May 12, 2009
The Coleman-steele Nexus
Will Norm Coleman concede if and when the Minnesota Supreme Court rules that Al Franken is the rightful winner of the 2008 Senate election? Not according to RNC chair Michael Steele: No, hell no. Whatever the outcome, it's going to get bumped to the next level. This does not end until there's a final ruling that speaks to whether or not those votes that have not been counted should be counted. And Norm Coleman will not, will not jump out of this race before that.
Survivor: Gop Edition
Dick Cheney's Sunday morning bitch slap of Colin Powell clinched it: The GOP is fast degenerating into a trashy, smack-talking, back-stabbing reality spectacle ala "Real Housewives." So I'm thinking it's time to hammer out some details and make a pitch to the networks. Luckily, one of my colleagues is hitched to someone who runs her own development company. So we've got a leg up! But finding a winning formula can be tricky. Off the top of my head, I see a couple of obvious ways to go: 1.
Harold Pollack is a public health policy researcher at the University of Chicago's School of Social Service Administration, where he is faculty chair of the Center for Health Administration Studies. He is a regular contributor to The Treatment. Over at HuffPo, reporter Ryan Grim reveals that the Obama administration is holding off on its pledge to revoke the ban on federal funding for needle exchange. As Grim reports in this fine little story: … Obama's budget includes language that bans spending federal money on needle-exchange programs.
The Senate Finance Committee is staging a hearing about the issue many observers, myself included, believe is the single biggest challenge in health care reform: Paying to expand coverage over the next few years, before efficiency improvements and other cost-cutting measures start to yield real savings. The purpose of this hearing is not to hash out a final deal.
Not A Road Map But A Calendar
The White House puts out a schedule for Obama's coming talks with various Middle East leaders: Prime Minister Netanyahu of Israel will visit on May 18, President Mubarak of Egypt will visit on May 26, and President Abbas of the Palestinian Authority will visit on May 28. It seems noteworthy that Mubarak is included in that grouping, especially in light of Obama's decision to make his big speech to the Arab world next month in Cairo. The White House, it seems, is eager to once again make Egypt a key player in its Middle East strategy.
Democracy In Pakistan, Cont'd
Why did the Obama team take so much care to drop the word "democracy" during last week's AfPak meetings? Here's your answer: As the Pakistani military pressed its campaign to root out Taliban militants from three districts northwest of the capital, a recent poll showed that an overwhelming majority of Pakistanis did not consider terrorism to be the most important issue facing the country, but instead ranked the economy at the top.
Today At Tnr (may 12, 2009)
Does Petraeus Have The Answer? The Surge Saved Iraq From The Abyss, But In Our Multi-Front War, Failure Is Still An Option, by Dexter Filkins How Obama Could Avoid A Congressional Battle Over ‘Don't Ask, Don't Tell,' by Nathaniel Frank One Of The Worst Scams In Washington Will Be Coming To An End--If Obama Stands Firm, by Barron YoungSmith TNRtv: What Should The Next Stimulus Package Look Like? by Simon Johnson Samuel Beckett Didn't Hate Literature--He Loved It To Death, by John Banville What Would The Middle East Look Like If Iran Gets The Bomb? A Lebanese Preview.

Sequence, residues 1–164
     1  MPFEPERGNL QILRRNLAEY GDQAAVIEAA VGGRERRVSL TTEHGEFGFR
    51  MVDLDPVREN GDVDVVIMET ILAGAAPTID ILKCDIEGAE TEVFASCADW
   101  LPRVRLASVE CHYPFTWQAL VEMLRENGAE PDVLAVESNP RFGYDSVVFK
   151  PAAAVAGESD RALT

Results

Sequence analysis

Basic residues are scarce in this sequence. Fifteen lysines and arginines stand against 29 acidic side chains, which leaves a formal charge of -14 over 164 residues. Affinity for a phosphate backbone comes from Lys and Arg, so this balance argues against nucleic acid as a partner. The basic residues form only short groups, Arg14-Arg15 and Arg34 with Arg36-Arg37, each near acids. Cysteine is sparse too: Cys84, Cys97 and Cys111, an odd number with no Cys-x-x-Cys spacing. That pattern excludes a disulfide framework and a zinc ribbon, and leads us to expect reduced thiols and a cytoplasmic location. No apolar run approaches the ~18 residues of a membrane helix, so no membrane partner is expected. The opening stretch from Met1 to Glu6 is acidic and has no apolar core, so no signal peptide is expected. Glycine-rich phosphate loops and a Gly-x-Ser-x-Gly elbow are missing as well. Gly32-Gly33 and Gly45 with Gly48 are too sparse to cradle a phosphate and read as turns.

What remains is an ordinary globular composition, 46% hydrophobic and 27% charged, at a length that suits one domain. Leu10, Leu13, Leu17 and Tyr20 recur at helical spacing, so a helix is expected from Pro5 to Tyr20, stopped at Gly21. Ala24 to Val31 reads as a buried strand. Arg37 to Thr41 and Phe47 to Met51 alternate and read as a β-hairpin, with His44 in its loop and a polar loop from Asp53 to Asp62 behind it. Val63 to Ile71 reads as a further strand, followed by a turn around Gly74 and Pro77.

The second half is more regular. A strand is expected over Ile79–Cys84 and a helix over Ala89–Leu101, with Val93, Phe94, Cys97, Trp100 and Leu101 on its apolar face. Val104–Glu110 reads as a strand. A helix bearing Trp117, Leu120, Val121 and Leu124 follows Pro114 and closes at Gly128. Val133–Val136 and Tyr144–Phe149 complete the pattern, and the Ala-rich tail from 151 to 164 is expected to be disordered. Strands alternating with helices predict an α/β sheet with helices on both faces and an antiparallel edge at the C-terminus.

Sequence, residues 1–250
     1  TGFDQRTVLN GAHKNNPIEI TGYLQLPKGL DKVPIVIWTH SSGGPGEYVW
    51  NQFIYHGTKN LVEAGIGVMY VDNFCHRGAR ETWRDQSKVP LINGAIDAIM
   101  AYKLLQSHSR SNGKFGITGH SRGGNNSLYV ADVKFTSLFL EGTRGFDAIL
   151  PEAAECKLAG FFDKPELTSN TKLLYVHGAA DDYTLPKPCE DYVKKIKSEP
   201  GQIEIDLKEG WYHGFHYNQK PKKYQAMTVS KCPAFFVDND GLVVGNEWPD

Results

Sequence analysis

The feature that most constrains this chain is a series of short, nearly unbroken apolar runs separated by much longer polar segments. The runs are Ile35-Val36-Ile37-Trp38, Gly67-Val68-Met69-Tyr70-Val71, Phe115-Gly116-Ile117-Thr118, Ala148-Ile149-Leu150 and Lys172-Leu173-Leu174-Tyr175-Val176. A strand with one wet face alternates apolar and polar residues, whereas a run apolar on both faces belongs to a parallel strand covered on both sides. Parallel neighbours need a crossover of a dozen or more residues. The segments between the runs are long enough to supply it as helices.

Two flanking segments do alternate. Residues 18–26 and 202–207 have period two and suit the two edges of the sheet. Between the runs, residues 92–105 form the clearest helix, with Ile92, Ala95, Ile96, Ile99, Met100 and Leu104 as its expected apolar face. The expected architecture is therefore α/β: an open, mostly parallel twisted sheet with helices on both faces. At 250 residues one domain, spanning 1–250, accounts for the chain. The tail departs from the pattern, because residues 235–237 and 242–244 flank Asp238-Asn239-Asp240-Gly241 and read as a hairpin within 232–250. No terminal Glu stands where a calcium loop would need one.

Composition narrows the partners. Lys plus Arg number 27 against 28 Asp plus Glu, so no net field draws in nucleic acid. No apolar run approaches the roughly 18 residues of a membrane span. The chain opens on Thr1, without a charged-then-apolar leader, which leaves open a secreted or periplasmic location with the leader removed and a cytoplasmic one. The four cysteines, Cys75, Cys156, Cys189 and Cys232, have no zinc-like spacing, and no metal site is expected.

May 11, 2009
When 50 is Too Old
It is now widely understood that presidents must value youth in their Supreme Court nominees. The reason lies in the combination of two factors: life tenure and the party system. Because justices serve for life, presidents can increase their influence on the law by choosing young nominees. Given two-party competition, this incentive can provoke an unhealthy game of how-low-can-you-go: If one party nominates young justices, the other party risks ceding long-term control of the judiciary if it does not choose justices who are at least as young.
Interesting moment the other night at the White House Correspondents' Association Dinner when Barack Obama teased Republican National Party Chairman Michael Steele for his famous inclination towards slightly studious mouthings of hip hop slang. "Michael Steele is in the house. Or as he would say, "in the heezy ... " ...
Too Important To Compromise
One of President Obama's major priorities is making college more affordable, and he now has an historic chance to do that by reforming the way the federal government delivers student loans. Under the current student-loan program, the government essentially bribes banks to lend to students by offering them generous subsidies and promising to take on 97 percent of the risk. As Jon Chait and Kim Clark have written, the program is purely a sop to banking interests--absorbing money that could be used to increase the number and size of Pell Grants.